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TitlePostseismic geodetic signature of cold forearc mantle in subduction zones
 
AuthorLuo, H; Wang, KORCID logo
ThesisSpringer
SourceNature Geoscience vol. 14, 2021 p. 104-109, https://doi.org/10.1038/s41561-020-00679-9
Image
Year2021
Alt SeriesNatural Resources Canada, Contribution Series 20200524
PublisherNature Research
Documentserial
Lang.English
Mediapaper; on-line; digital
File formatpdf; html
ProvinceBritish Columbia; Yukon
NTS92; 93; 94; 102; 103; 104; 105; 114; 115
AreaPacific Ocean
Lat/Long WENS 90.0000 -60.0000 65.0000 -60.0000
Subjectstectonics; geophysics; Science and Technology; Nature and Environment; Health and Safety; earthquake studies; subduction zones; earthquakes; plate motions; crustal uplift; deformation; mantle; tectonic setting; satellite geodesy; thermal analyses; rheology; computer simulations; Ring of Fire; 2011 Mw 9 Tohoku-oki Earthquake; 2010 Mw 8.8 Maule Earthquake; 2007 Mw 8.4 Bengkulu Earthquake; 1960 Mw 9.5 Chile Earthquake
Illustrationsschematic cross-sections; diagrams; location maps; charts
ProgramPublic Safety Geoscience Assessing Earthquake Geohazards
Released2021 01 18
AbstractA sharp thermal contrast between the cold forearc and the hot arc and backarc is considered fundamental to a range of subduction zone processes including slab dehydration, arc volcanism, and earthquakes. However, direct observational evidence for the contrast is rather limited; even the most relevant data - heat flow measurements are in question because of large errors. Here we demonstrate that postseismic deformation following large subduction earthquakes yields independent evidence for the contrast. If the thermal contrast is present, it must result in a rheological contrast in the mantle wedge, being elastic in the cold forearc and viscoelastic in the hot arc and backarc. Consequently, seaward postseismic motion is deflected upward at the edge of the cold forearc mantle wedge, causing diagnostic uplift just seaward of volcanic arc. Using numerical models of postseismic deformation following the 2011 Mw 9 Tohoku-oki, 2010 Mw 8.8 Maule, 2007 Mw 8.4 Bengkulu, and 1960 Mw 9.5 Chile earthquakes, together with a global synthesis of postseismic uplift measurements, we show that the presence of the cold forearc mantle is irrespective of the diversity in tectonic settings. Our findings further indicate that the monumental field surveys by G. Plafker 8 years after the 1960 Chile earthquake, provided some of the earliest evidence for viscoelastic postseismic deformation. The link between long-term thermal processes and short-term earthquake cycle deformation established in this study is important to understanding subduction zone dynamics.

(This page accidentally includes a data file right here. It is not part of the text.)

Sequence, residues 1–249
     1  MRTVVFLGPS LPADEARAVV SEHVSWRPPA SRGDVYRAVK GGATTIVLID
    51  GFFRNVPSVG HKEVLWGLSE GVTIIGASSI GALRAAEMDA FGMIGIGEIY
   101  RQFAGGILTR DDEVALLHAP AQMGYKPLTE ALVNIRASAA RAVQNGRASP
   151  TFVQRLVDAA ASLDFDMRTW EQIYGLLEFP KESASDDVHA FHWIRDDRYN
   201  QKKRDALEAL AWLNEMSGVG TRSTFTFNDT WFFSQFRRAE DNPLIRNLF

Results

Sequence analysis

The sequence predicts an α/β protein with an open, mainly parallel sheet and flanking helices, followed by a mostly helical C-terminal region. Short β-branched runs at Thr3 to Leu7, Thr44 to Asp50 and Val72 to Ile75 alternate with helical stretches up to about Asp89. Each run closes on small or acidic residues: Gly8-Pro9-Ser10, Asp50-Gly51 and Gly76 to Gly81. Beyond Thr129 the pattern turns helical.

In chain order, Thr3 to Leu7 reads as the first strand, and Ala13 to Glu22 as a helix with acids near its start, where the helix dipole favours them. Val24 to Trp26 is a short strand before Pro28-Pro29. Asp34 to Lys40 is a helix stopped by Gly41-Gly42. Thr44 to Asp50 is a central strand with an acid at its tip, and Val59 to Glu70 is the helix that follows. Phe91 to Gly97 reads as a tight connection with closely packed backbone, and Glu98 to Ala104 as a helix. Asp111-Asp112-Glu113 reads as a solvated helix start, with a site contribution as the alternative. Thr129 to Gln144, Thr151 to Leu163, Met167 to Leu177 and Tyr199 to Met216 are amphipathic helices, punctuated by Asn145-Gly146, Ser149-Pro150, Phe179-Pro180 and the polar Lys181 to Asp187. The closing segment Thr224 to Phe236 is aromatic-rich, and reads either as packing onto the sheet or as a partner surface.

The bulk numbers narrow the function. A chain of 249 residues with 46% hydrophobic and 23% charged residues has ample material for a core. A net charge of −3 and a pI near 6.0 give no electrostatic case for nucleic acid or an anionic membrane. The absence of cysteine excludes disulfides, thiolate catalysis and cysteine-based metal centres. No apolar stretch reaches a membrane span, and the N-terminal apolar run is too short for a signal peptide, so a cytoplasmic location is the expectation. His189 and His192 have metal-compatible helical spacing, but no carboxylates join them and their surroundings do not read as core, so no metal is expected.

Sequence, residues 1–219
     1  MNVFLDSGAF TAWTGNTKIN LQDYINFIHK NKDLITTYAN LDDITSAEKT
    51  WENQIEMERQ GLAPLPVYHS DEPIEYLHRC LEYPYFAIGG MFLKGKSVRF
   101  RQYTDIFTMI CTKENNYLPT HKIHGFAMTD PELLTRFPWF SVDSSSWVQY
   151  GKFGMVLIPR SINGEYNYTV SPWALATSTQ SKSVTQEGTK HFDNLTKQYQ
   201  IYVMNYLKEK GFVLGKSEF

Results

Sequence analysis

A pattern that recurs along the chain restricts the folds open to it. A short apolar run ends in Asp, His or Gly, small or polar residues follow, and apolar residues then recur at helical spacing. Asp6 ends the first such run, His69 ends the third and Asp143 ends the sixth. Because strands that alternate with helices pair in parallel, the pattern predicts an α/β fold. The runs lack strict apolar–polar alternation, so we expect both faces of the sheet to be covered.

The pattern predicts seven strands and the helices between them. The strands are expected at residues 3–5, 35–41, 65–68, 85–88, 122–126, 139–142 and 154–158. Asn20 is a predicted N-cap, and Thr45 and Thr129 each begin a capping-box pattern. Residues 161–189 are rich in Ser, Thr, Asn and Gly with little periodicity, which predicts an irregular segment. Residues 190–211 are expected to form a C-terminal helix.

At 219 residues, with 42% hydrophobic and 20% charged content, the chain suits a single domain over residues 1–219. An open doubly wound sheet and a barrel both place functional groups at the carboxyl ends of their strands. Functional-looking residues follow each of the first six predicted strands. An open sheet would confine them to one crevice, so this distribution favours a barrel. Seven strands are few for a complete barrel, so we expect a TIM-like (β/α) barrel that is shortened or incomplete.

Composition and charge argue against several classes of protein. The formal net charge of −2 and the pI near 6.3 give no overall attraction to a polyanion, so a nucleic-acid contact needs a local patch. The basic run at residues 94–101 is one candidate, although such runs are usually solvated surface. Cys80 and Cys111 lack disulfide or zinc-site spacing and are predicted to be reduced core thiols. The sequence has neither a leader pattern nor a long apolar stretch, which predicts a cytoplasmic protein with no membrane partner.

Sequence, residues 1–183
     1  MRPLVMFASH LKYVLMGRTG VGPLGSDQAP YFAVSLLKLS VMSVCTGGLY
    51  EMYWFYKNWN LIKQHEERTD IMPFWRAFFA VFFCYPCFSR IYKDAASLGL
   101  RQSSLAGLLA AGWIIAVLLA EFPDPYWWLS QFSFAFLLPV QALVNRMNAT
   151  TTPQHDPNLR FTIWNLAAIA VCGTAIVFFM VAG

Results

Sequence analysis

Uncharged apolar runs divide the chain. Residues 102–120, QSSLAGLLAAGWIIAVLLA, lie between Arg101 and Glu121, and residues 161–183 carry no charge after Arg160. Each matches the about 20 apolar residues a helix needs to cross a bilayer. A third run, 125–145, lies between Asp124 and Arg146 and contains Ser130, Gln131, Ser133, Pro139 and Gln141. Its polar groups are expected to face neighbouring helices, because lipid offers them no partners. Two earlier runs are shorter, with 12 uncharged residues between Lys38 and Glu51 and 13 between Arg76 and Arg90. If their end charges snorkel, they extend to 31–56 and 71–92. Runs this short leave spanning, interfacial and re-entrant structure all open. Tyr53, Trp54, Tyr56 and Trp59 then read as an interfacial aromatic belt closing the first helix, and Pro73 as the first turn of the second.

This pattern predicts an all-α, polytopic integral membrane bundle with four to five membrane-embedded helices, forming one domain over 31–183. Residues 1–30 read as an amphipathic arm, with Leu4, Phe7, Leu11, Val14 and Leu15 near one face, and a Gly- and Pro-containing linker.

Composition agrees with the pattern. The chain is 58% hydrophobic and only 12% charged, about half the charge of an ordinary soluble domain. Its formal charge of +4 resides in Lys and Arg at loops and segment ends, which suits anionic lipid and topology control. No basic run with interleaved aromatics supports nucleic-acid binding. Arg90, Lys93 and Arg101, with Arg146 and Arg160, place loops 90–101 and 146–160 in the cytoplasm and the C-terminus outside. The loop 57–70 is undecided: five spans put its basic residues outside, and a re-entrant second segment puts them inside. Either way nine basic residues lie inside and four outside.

Summary(Plain Language Summary, not published)
A sharp geothermal contrast between the area seaward of the volcanic front, called the forearc, and the areas farther landward is of fundamental importance to subduction zone dynamics including its earthquake processes. Thermo-petrologic models predict the forearc mantle wedge to be much colder than the rest of the mantle wedge, but geophysical observational constraints are very limited. In this work, we found strong evidence for the presence of the cold forearc mantle wedge from geodetic observations of crustal motion following large megathrust earthquakes. The presence of the cold mantle wedge affects mantle flow during postseismic deformation. This paper describes this discovery using a combination of global synthesis of relevant observations and modelling postseismic deformation of several large earthquakes.
GEOSCAN ID327532

 
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